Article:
Crossrope Get Lean Set

Less of an accessory than it is a standalone fitness system, Crossrope’s ‘Get Lean’ set takes the concept of schoolyard skipping and injects it with a bit of interval-based intensity. With two included ropes — a 1/4lb and a 1/2lb — as well as a set of quick-release handles, you can jump for both speed and strength, and even conveniently swap weights mid-workout. In the event that those sizes prove to be too easy, Crossrope also make ropes going all the way up to 5lbs. Good luck trying to double-under with one of those heavy-hitters.

Purchase: $100

Rogue Sandbags

Sandbags offer a challenging form of strength training because they add an extra stability component to the equation; without anything fixing the mass in place, it’s up to you to keep the sack righted. As such, they make for a great way to develop those secondary stabilizer muscles in your shoulders, back, and arms whilst also improving your grip. We like Rogue’s sandbags because they’re simple, tough, and to the point, combining a 1000D Cordura construction with some double-stitched seams and webbing handles.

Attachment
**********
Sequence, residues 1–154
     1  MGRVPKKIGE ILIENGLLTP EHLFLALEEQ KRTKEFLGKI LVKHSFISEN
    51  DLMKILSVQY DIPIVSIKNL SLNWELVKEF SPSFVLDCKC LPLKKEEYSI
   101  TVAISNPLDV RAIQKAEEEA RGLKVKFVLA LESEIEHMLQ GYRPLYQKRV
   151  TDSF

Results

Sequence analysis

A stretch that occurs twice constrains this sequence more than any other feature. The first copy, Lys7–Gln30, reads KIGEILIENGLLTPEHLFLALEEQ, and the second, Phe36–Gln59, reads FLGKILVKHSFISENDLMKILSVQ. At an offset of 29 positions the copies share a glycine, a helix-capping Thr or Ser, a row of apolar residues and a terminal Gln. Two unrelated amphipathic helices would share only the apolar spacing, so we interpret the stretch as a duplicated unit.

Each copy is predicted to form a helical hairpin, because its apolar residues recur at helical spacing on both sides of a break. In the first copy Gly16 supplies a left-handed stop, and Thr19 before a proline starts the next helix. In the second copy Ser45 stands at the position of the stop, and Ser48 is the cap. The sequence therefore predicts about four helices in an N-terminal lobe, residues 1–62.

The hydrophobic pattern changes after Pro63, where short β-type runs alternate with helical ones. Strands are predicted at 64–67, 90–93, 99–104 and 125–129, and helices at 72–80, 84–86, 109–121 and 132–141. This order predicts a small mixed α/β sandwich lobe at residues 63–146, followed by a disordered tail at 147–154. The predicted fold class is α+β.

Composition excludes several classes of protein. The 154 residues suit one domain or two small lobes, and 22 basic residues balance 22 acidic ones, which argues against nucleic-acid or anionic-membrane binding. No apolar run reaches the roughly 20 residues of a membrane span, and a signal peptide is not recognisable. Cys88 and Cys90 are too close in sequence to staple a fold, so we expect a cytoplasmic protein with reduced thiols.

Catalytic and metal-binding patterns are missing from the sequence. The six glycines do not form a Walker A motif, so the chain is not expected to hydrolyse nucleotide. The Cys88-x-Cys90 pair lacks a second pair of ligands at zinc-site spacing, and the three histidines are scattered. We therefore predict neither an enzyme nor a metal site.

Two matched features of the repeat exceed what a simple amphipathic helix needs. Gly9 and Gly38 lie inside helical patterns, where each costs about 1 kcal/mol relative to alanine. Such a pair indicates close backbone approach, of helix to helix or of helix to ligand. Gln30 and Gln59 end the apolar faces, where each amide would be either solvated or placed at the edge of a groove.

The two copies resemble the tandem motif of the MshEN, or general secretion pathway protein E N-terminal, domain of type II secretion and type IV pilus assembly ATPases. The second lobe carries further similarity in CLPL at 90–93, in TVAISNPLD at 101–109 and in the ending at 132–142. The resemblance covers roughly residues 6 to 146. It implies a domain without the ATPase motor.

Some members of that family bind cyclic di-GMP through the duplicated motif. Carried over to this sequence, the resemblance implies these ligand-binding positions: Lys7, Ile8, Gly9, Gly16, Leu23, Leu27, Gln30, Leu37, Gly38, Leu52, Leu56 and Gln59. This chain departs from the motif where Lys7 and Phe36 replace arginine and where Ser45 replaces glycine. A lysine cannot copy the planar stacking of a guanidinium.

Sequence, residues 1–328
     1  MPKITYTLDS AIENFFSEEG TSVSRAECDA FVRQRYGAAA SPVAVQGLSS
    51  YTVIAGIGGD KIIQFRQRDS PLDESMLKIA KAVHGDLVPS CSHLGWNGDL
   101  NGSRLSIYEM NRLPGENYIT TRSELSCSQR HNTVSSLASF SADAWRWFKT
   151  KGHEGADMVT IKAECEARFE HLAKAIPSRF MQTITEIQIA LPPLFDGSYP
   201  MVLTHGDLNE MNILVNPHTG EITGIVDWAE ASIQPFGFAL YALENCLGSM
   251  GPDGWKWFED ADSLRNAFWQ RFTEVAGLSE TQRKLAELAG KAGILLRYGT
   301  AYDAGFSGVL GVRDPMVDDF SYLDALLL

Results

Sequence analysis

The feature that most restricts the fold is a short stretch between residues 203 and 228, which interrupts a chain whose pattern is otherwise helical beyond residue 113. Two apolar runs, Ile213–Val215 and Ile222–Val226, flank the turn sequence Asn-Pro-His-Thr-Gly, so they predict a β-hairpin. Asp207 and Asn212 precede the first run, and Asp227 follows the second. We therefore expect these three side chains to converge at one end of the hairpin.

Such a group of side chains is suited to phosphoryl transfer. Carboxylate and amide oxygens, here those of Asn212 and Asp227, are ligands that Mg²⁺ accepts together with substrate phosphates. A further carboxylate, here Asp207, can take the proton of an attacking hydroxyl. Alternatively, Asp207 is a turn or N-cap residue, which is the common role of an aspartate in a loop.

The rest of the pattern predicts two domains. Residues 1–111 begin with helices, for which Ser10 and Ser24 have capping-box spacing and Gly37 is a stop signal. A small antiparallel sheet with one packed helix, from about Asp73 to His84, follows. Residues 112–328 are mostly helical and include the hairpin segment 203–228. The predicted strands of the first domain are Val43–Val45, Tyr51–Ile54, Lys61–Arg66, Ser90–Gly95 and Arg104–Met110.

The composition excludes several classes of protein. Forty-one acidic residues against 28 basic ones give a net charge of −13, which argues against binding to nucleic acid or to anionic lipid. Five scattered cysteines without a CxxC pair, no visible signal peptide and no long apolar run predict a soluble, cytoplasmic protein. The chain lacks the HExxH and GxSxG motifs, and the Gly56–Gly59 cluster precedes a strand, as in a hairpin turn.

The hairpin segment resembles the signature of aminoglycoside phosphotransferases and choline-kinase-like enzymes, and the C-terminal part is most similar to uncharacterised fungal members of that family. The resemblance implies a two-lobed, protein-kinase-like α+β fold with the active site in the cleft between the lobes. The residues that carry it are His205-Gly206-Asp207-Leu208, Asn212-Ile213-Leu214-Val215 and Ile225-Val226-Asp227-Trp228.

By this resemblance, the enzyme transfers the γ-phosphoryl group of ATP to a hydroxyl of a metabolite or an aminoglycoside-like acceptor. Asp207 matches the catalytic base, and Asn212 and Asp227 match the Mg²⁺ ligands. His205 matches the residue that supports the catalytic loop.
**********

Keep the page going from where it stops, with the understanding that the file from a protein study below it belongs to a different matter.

Purchase: $80+

Concept2 Model D Rower

As the poster rower of the CrossFit community, Concept2’s Model D is a name that’s known throughout boxes far and wide. Offering adjustable airflow resistance, app-based Bluetooth connectivity, and in-depth data recording, it’s easily one of the most well-rounded rowing machines on the market today. But the best part is that, because of its wheels and separating two-piece design, the Model D is incredibly easy to maneuver and stow in spaces with limited room.

Purchase: $900

The 16 Best Smart Home Gyms

Although keeping it traditional with real-life equipment is one way to transform your garage into a capable home gym, it’s far from your only course of action. For instance, if you’d like to take a more tech-focused approach in our training, be sure to check out our guide to the best smart home gyms.